New Prime Minister Naoto Kan has announced the lineup of the Democratic Party of Japan’s party leadership and the Cabinet. The lineup clearly shows his thinking: Give a fresh image to the party and Cabinet and win back people’s trust by diluting the influence of former DPJ Secretary General Ichiro Ozawa, whose image suffered over allegations that his political funds management body violated the Political Funds Control Law.

Mr. Kan appointed Mr. Yukio Edano to the post of party secretary general. Mr. Edano had played a leading role in the Government Revitalization Unit (GRU), which scrutinizes budget requests and projects of nonprofit public service corporate bodies that receive public money, and has served as administrative reform minister in the Hatoyama Cabinet. Mr. Edano is highly critical of Mr. Ozawa’s political style, which aroused suspicions of pork-barrel spending and the revival of vested-interest politics.

A weak point of the DPJ lawmakers criticizing Mr. Ozawa is their lack of experience in organizing nationwide election campaigns as Mr. Ozawa did. It is Mr. Ozawa who helped lead the DPJ to victories in the 2007 Upper House election and in the 2009 Lower House election and has laid the groundwork for the DPJ’s campaign in the coming Upper House election. Mr. Edano’s appointment will improve the DPJ’s image. But he must prove his ability in the promotion of party unity and in the DPJ’s fight in the coming election.

Mr. Kan also revived the party’s policy affairs council and appointed Mr. Koichiro Genba, chief of the Lower House’s Financial Affairs Committee, as chief of the council. Mr. Genba will also serve as the minister in charge of the public servants’ system reform, gender equality, the “new concept of public service” and birthrate improvement.

Mr. Ozawa abolished the council to avert dual-decision making on policy matters by the Cabinet and the party. But this deprived many DPJ lawmakers of the opportunity to take part in working out policy measures and also led to concentration of power in Mr. Ozawa. We hope the new system will revive lively discussions in the party and improve communication between the party and the Cabinet, thus increasing transparency in decision making — something that was lacking during the days of Mr. Ozawa.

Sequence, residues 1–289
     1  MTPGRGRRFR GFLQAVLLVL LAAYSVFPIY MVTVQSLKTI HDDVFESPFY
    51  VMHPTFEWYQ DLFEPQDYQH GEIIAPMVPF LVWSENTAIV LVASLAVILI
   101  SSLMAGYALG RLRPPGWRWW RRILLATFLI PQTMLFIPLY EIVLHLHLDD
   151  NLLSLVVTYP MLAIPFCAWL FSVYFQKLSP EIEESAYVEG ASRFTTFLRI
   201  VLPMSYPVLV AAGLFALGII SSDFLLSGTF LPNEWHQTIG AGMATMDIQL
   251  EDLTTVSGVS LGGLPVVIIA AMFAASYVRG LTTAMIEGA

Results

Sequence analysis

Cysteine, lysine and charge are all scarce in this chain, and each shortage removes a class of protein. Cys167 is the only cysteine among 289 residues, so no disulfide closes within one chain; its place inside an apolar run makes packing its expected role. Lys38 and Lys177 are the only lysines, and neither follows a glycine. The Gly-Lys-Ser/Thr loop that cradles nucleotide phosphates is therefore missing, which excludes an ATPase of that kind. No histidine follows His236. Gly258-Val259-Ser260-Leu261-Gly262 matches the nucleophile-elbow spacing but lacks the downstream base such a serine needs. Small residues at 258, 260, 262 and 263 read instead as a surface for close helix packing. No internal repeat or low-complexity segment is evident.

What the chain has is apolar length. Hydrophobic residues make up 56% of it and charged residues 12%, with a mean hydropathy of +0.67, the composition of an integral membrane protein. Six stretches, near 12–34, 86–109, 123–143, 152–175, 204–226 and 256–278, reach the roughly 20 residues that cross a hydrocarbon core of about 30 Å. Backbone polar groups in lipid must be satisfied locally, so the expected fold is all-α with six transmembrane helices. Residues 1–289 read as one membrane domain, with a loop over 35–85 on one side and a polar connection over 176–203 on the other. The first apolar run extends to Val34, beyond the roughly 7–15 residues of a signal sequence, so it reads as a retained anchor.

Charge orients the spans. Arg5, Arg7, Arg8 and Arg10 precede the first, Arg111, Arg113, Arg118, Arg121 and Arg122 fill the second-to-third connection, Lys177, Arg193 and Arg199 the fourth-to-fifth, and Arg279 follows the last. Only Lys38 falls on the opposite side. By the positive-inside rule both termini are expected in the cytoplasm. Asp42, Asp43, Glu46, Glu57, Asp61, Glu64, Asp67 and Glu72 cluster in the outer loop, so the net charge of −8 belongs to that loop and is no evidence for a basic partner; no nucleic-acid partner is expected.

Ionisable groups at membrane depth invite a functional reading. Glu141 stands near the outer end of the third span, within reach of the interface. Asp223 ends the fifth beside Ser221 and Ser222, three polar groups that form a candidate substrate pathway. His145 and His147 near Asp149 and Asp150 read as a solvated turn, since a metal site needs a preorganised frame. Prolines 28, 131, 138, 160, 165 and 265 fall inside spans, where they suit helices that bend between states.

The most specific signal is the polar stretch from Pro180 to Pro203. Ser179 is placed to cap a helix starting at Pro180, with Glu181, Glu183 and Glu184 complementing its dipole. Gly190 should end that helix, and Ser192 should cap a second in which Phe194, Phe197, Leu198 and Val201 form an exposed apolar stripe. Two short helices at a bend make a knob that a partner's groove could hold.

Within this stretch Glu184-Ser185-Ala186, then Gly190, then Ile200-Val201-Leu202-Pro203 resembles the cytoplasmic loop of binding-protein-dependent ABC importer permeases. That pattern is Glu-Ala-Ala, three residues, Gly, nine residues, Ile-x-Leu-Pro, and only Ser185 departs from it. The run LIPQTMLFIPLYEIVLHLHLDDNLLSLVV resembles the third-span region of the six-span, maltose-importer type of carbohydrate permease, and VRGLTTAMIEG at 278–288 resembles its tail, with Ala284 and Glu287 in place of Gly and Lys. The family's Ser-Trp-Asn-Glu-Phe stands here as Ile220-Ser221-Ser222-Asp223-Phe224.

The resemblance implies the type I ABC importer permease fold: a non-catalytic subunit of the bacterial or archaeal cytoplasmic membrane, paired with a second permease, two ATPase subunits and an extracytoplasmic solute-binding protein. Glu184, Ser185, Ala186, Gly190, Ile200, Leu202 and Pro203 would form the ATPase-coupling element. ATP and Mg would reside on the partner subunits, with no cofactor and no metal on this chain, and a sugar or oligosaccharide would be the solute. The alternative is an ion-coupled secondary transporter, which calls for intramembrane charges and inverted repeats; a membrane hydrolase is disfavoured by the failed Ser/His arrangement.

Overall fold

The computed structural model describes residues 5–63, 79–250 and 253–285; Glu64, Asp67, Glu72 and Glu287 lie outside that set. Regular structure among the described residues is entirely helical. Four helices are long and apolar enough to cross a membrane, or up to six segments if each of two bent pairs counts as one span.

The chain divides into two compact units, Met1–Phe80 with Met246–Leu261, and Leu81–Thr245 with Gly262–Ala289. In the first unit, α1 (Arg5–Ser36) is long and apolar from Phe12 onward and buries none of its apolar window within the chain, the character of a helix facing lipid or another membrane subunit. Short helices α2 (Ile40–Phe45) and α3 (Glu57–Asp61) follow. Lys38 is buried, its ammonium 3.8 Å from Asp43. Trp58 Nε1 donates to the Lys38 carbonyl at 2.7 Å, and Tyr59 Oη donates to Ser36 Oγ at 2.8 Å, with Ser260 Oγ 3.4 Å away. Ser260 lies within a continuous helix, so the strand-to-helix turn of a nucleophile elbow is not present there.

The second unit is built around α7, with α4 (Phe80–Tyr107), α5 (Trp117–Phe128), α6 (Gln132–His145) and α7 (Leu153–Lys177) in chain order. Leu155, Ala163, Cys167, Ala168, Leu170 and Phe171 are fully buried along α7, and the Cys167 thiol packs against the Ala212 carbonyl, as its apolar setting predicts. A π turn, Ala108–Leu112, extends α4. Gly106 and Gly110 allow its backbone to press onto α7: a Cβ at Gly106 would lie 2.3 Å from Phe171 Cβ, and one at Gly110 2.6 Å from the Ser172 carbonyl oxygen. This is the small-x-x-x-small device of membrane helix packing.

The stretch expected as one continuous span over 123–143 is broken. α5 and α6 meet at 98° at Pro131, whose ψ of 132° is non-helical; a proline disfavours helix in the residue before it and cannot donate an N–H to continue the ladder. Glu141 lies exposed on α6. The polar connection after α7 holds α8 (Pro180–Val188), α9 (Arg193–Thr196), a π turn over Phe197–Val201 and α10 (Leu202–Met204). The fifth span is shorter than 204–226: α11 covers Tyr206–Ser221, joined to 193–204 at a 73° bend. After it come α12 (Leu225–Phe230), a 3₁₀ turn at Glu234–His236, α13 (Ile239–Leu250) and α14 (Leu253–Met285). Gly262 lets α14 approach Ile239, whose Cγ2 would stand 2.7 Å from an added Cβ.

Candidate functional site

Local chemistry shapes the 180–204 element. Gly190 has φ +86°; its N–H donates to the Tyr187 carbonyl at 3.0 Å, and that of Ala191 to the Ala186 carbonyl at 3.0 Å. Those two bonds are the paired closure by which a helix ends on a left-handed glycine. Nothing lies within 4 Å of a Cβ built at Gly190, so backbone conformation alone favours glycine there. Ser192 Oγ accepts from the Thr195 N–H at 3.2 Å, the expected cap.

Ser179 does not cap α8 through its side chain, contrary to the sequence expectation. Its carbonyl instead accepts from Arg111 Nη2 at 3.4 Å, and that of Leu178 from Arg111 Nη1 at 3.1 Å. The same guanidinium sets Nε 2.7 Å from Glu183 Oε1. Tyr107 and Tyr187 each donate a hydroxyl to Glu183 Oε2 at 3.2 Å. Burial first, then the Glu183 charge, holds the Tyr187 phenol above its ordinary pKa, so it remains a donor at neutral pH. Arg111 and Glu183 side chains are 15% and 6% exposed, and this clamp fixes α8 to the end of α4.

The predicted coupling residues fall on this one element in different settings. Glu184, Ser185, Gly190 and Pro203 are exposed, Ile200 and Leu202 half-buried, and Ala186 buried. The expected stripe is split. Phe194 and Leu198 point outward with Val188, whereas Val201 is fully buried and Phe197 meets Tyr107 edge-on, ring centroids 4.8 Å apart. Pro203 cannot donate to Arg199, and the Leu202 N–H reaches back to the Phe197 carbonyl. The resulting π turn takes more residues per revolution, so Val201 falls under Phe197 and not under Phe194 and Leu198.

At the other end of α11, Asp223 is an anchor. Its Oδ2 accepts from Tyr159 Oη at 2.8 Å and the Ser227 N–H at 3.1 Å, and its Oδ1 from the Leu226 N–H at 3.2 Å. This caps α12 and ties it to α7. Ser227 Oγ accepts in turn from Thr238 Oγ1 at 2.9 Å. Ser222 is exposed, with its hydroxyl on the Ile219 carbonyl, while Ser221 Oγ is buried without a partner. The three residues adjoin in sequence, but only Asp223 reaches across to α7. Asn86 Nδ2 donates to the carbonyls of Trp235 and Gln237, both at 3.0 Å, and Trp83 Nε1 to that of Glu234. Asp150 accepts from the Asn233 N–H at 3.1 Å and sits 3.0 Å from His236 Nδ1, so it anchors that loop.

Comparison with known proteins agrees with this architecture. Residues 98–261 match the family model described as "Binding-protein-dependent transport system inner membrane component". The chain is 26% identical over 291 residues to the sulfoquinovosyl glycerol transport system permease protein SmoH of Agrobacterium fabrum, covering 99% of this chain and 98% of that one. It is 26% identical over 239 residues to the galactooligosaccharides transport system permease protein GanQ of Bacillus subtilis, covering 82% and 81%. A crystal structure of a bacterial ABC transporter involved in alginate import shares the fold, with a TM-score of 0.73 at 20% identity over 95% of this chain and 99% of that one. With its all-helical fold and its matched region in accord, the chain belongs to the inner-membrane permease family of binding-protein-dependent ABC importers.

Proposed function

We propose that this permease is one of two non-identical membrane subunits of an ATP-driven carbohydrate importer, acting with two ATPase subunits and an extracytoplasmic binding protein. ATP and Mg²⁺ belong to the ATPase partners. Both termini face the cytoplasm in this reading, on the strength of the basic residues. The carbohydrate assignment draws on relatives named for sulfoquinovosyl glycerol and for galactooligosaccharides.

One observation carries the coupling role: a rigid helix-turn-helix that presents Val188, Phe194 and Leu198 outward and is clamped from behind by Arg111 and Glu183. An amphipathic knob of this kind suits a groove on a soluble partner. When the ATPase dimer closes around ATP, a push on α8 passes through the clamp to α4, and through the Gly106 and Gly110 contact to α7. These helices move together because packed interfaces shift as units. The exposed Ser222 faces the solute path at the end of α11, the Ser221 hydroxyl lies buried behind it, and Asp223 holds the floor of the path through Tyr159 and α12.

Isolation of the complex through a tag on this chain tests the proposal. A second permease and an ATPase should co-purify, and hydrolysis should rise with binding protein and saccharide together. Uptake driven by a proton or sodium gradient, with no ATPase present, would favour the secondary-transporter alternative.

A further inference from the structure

Mr. Kan retained 11 Cabinet members from the Hatoyama administration to flesh out policies left unfinished by the Hatoyama Cabinet and to avoid administrative confusion. Among the retained Cabinet members are Foreign Minister Katsuya Okada, Defense Minister Toshimi Kitazawa, labor and welfare minister Akira Nagatsuma, Justice Minister Keiko Chiba, infrastructure and transport minister Seiji Maehara, and postal and financial issues minister Shizuka Kamei, head of the coalition partner Kokumin Shinto (People’s New Party).

Mr. Kan replaced farm minister Hirotaka Akamatsu with Mr. Masahiko Yamada, senior vice farm minister of the Hatoyama administration, because of Mr. Akamatsu’s mishandling of the foot and mouth disease outbreak in Miyazaki Prefecture. Mr. Kan also appointed Ms. Renho, popular and well-known through her work with the GRU, as administrative reform minister.

In the Hatoyama administration, Chief Cabinet Secretary Hirofumi Hirano mishandled important issues such as the relocation of the U.S. Marine Corps’ Futenma Air Station Okinawa and caused disastrous damage to Prime Minister Yukio Hatoyama. To avoid such a mistake, Mr. Kan appointed Mr. Yoshito Sengoku, national strategy minister of the Hatoyama Cabinet, a trusted politician well-versed in a wide range of policy matters and known for his criticism of Mr. Ozawa, as chief Cabinet secretary — a spokesman and coordinator for the Cabinet. We hope that he will do a good job.

Mr. Kan promoted Mr. Yoshihiko Noda, senior vice financial minister of the previous Cabinet, to finance minister. Mr. Kan (finance minister in the former Cabinet), Mr. Sengoku, Mr. Genba and Mr. Noda have been positive about discussing a consumption tax raise — a departure from Mr. Ozawa’s approach of giving priority to fulfilling DPJ campaign promises over reducing national debt. Mr. Kan and the DPJ must strictly prioritize the promises to effectively implement key DPJ policies without letting total spending swell.

In giving new direction to Japan’s financial reconstruction, Mr. Kan and his team should realize that relying only on an increase in the consumption tax will be unfair to the poor. They should consider making income taxes more progressive to help push income redistribution. Utmost efforts also must be made to keep the economy afloat and cut government waste.

Mr. Kan must exercise strong leadership to achieve “a strong economy, strong finances and strong social welfare” — his major goal. He must not ignore the will of the Okinawan people in trying to resolve the Futenma air base issue. Mr. Kan also must clearly enunciate his foreign and security policies.

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